culvert


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cul·vert

 (kŭl′vərt)
n.
1. A sewer or drain crossing under a road or embankment.
2.
a. The part of a road or embankment that passes over such a sewer or drain.
b. The channel or conduit for such a sewer or drain.

[Origin unknown.]

culvert

(ˈkʌlvət)
n
1. (Civil Engineering) a drain or covered channel that crosses under a road, railway, etc
2. (Electronics) a channel for an electric cable
3. (Civil Engineering) a tunnel through which water is pumped into or out of a dry dock
[C18: of unknown origin]

cul•vert

(ˈkʌl vərt)

n.
a drain or channel crossing under a road, sidewalk, etc.; sewer; conduit.
[1765–75; orig. uncertain]
ThesaurusAntonymsRelated WordsSynonymsLegend:
Noun1.culvert - a transverse and totally enclosed drain under a road or railwayculvert - a transverse and totally enclosed drain under a road or railway
drainpipe, waste pipe, drain - a pipe through which liquid is carried away

culvert

noun drain, channel, gutter, conduit, watercourse The bomb was hidden in a culvert under a road.
Translations
siltarumpu

culvert

[ˈkʌlvət] Nalcantarilla f (debajo de una carretera)

culvert

[ˈkʌlvərt] ncaniveau m

culvert

nunterirdischer Kanal, (Abwasser)kanal m; (for cables) → Kabeltunnel m
References in classic literature ?
He paddled along swiftly till he came to a culvert, and dropped behind it, his chin on a level with the coping-stone.
This is more like Mahbub,' thought Kim, as the beast shied at the little head above the culvert.
The horse was reined back almost on its haunches, and forced towards the culvert.
It had always been my custom to stand when in his presence; even at the council board, except upon those rare occasions when the sitting was a very long one, extending over hours; then I had a trifling little backless thing which was like a reversed culvert and was as comfortable as the toothache.
His nose has been broken at some time or other, and is arched like a culvert now.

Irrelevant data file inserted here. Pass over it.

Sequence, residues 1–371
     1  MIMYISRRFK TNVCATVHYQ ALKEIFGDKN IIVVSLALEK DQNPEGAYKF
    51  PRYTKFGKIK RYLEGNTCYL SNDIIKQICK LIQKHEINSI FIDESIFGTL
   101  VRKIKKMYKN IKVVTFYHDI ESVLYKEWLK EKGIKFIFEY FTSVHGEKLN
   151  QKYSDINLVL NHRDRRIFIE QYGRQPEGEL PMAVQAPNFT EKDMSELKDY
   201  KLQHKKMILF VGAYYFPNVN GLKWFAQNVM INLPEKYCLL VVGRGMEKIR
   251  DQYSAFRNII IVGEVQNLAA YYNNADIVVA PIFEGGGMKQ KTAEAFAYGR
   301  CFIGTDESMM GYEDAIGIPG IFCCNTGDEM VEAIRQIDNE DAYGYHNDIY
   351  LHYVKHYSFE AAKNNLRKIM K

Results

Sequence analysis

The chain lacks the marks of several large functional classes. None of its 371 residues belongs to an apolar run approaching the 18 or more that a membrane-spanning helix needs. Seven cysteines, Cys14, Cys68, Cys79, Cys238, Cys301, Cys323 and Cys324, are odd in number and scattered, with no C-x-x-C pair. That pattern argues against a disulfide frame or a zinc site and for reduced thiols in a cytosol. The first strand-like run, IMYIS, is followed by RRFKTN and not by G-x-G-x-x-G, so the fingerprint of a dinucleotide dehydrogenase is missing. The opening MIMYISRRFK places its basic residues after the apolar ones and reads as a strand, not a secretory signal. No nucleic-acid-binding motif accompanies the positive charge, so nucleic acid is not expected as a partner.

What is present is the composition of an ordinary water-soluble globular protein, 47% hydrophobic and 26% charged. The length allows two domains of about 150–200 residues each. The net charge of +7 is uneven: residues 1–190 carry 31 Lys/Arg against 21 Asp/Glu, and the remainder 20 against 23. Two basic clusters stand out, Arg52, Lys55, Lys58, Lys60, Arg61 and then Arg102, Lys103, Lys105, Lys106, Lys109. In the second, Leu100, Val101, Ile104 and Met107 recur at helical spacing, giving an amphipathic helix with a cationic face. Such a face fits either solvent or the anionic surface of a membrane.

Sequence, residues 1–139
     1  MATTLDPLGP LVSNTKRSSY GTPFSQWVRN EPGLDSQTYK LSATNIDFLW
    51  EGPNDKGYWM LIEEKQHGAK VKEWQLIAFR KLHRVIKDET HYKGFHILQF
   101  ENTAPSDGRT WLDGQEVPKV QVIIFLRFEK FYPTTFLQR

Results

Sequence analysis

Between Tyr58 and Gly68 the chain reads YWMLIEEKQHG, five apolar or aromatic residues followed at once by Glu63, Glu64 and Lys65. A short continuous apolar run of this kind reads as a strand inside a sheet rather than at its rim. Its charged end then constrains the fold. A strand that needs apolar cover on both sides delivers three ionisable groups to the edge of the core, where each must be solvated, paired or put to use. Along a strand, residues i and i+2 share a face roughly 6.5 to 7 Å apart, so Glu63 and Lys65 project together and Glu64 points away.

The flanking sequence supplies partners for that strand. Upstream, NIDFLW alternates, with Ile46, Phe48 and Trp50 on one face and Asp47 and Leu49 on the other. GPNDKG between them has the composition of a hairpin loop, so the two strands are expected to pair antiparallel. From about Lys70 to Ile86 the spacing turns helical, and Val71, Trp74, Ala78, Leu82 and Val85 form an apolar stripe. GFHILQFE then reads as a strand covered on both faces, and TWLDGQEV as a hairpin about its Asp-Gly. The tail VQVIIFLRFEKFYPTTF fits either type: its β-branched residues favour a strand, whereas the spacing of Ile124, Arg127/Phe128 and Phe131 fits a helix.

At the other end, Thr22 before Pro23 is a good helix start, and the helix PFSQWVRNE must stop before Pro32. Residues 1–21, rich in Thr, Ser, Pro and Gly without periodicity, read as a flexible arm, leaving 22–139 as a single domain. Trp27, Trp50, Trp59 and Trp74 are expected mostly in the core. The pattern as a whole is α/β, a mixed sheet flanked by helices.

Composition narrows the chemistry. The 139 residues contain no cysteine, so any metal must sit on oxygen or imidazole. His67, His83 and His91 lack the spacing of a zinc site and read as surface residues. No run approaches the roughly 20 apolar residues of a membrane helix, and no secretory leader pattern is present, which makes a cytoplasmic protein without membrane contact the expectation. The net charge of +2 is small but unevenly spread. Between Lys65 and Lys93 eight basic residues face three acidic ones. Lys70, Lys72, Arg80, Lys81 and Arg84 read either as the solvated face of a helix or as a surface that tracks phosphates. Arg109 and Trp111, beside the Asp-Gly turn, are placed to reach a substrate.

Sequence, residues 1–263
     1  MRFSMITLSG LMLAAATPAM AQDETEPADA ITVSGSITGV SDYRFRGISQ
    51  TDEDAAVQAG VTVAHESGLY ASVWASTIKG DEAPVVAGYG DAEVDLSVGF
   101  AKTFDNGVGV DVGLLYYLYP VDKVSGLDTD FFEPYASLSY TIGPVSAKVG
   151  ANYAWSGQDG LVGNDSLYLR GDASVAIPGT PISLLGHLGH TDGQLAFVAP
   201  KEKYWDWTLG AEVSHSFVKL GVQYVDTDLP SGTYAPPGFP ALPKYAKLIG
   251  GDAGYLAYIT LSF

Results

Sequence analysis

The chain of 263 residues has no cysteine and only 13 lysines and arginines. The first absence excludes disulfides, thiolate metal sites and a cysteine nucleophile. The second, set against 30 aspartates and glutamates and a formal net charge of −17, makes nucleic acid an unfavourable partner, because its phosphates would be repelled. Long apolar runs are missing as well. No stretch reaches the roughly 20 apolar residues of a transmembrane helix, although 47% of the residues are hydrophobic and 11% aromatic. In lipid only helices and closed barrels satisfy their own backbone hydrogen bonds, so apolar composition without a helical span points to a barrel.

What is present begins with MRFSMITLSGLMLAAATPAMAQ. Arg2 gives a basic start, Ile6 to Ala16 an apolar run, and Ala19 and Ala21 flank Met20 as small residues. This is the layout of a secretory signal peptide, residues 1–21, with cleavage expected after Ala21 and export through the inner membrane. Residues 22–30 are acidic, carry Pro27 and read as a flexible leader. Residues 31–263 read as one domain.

As I drew nearer I perceived he was dressed in clothes as dusty and filthy as my own; he looked, indeed, as though he had been dragged through a culvert. Nearer, I distin- guished the green slime of ditches mixing with the pale drab of dried clay and shiny, coaly patches.
About a mile up the road we came across our artilleryman sitting very stiffly on the edge of a culvert with a greasy handkerchief on his knees.
There were many creeks in this mountainous region, and it was necessary to cross Muddy Creek, Green Creek, and others, upon culverts.
The water was now high in the streams, squirting through the weirs, and tinkling under culverts; the smallest gullies were all full; there was no taking short cuts anywhere, and foot-passengers were compelled to follow the permanent ways.
This research on scour in bottomless culverts revealed that the maximum scour depth, measured at the corners of the culvert, was always greater than the computed equilibrium depth, regardless of which equations for representative velocity and critical velocity were used.
Regarding "Culvert Crossings" in your March/April 2007 issue, I would like to suggest that adding an anti-vortex device on the inflow of the culvert will allow it to carry full capacity.
624 Culvert replacements Timiskaming Belanger Construction